Hakim, however, said he continued to set aside Secord's share because "there was no offer to Gen. Secord, at least as much as I knew, to go back to the government. And, I was not quite sure if that would occur or not, so I did not change my pattern."
More than $1.5 million remains in the special account Hakim set up for Secord, according to congressional investigators' analysis of Hakim's records. According to a committee aide, investigators have concluded that about $700,000 of those funds came from the Iran arms sales and were put in the account after Secord renounced any profits.
Secord said it is wrong to view the Korel Assets account as one set up to hold his profits because it was used to pay numerous bills for the operation.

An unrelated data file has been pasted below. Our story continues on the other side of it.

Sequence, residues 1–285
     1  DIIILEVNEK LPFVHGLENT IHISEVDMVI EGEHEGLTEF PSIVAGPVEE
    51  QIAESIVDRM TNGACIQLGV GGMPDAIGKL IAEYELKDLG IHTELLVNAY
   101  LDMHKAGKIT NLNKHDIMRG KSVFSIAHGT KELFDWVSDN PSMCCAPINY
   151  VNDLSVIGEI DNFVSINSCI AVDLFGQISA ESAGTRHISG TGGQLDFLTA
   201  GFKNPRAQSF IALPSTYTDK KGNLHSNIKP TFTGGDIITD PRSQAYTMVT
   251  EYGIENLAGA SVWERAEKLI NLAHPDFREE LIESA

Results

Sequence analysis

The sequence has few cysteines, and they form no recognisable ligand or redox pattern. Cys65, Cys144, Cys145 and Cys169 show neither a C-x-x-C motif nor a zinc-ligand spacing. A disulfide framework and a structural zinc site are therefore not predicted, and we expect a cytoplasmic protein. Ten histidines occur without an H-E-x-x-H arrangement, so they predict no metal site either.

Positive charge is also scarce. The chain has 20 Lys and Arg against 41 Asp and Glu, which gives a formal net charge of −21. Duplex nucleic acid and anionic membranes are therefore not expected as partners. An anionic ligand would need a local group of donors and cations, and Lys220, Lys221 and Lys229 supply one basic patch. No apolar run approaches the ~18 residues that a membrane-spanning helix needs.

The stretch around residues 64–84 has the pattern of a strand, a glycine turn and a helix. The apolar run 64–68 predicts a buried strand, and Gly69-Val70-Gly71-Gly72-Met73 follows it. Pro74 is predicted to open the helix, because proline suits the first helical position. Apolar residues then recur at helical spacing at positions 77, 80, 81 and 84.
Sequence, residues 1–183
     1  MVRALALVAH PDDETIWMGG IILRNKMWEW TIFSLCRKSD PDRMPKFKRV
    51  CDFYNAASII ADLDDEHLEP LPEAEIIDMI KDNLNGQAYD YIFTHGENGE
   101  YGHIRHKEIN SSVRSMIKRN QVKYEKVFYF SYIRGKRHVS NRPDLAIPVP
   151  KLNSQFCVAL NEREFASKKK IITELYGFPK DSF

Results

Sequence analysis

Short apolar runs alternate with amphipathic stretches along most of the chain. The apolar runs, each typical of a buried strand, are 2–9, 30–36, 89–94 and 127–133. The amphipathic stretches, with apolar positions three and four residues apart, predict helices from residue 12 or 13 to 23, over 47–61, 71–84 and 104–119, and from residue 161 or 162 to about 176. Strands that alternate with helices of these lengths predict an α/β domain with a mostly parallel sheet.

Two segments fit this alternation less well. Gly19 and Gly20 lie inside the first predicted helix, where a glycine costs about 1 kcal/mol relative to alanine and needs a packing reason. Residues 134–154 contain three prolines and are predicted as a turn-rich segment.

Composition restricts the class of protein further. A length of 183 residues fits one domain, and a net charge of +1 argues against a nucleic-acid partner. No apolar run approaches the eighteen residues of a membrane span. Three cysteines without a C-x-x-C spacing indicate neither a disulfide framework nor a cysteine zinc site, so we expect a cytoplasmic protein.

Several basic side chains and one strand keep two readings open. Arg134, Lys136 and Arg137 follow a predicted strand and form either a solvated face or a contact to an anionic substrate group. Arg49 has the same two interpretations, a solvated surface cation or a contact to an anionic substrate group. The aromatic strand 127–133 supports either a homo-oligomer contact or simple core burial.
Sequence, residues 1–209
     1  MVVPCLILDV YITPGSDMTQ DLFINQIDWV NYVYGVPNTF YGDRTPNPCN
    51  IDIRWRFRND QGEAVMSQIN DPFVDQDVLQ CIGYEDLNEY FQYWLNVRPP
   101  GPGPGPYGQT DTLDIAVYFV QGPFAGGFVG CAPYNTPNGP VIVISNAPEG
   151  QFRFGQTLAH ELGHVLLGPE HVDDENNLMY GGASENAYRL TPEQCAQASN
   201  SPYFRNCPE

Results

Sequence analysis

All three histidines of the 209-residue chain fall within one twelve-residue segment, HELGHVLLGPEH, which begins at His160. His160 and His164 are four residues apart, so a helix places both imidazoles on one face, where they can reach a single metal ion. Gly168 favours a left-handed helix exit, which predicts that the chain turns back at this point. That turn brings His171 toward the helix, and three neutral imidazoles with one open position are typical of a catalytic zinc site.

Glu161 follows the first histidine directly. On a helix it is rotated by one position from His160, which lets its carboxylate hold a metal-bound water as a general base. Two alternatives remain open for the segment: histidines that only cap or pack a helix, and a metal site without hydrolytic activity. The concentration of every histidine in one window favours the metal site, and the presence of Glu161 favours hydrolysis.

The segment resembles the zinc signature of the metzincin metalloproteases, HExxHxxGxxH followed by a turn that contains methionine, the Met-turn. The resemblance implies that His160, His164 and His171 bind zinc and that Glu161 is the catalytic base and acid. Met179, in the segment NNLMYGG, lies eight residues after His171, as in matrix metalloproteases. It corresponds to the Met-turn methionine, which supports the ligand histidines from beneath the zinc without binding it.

For example, Secord said, $45,000 from the account that went to Green's law firm was a finder's fee owed by an arms dealer Green had introduced to Secord as part of the contra weapons sales.
Regardless of how the select committees eventually evaluate the middlemen, these brokers seem to have been particularly ingenious at making money under difficult circumstances. Hakim testified, for example, that last August he withdrew from the Swiss Iran-contra accounts an $860,000 commission on an arms deal, even though the operation was forced to sell the weapons at a loss.
According to Hakim's testimony and committee records, here is how the deal worked:
The weapons were purchased for $2.1 million. Before the arms were resold, Hakim immediately pulled $860,000 out of the Swiss accounts as a commission. He then divided all but a small portion of the commission into three equal shares of $258,000 and deposited the shares into the accounts he set up for himself, Secord and Clines.
When a hitch developed in the proposed sale of the weapons to the contras, the arms were sold to the Central Intelligence Agency for $1.2 million, creating a $900,000 loss.
The commissions, however, were unaffected by the loss and the Iran-contra accounts also absorbed the $900,000 loss.